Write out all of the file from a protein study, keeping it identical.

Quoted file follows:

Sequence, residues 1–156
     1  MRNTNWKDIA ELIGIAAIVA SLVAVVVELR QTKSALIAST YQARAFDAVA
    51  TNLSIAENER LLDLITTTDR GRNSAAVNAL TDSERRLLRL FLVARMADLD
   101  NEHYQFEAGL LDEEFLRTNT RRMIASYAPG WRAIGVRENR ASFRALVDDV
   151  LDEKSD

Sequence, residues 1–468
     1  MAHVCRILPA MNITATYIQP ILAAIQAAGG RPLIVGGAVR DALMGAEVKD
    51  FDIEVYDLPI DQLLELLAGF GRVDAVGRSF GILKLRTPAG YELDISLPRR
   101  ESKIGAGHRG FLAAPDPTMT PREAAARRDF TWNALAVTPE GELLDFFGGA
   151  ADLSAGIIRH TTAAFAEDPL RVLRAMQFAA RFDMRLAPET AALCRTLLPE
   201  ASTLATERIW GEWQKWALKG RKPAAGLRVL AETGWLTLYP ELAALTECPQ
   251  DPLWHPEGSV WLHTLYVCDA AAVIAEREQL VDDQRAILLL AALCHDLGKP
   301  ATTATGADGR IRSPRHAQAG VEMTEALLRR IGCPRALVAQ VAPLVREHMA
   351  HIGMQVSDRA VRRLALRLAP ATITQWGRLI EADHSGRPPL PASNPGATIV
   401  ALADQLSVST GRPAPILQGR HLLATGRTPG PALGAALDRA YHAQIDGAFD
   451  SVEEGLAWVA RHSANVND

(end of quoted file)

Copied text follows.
Sequence, residues 1–156
     1  MRNTNWKDIA ELIGIAAIVA SLVAVVVELR QTKSALIAST YQARAFDAVA
    51  TNLSIAENER LLDLITTTDR GRNSAAVNAL TDSERRLLRL FLVARMADLD
   101  NEHYQFEAGL LDEEFLRTNT RRMIASYAPG WRAIGVRENR ASFRALVDDV
   151  LDEKSD

Sequence, residues 1–468
     1  MAHVCRILPA MNITATYIQP ILAAIQAAGG RPLIVGGAVR DALMGAEVKD
    51  FDIEVYDLPI DQLLELLAGF GRVDAVGRSF GILKLRTPAG YELDISLPRR
   101  ESKIGAGHRG FLAAPDPTMT PREAAARRDF TWNALAVTPE GELLDFFGGA
   151  ADLSAGIIRH TTAAFAEDPL RVLRAMQFAA RFDMRLAPET AALCRTLLPE
   201  ASTLATERIW GEWQKWALKG RKPAAGLRVL AETGWLTLYP ELAALTECPQ
   251  DPLWHPEGSV WLHTLYVCDA AAVIAEREQL VDDQRAILLL AALCHDLGKP
   301  ATTATGADGR IRSPRHAQAG VEMTEALLRR IGCPRALVAQ VAPLVREHMA
   351  HIGMQVSDRA VRRLALRLAP ATITQWGRLI EADHSGRPPL PASNPGATIV
   401  ALADQLSVST GRPAPILQGR HLLATGRTPG PALGAALDRA YHAQIDGAFD
   451  SVEEGLAWVA RHSANVND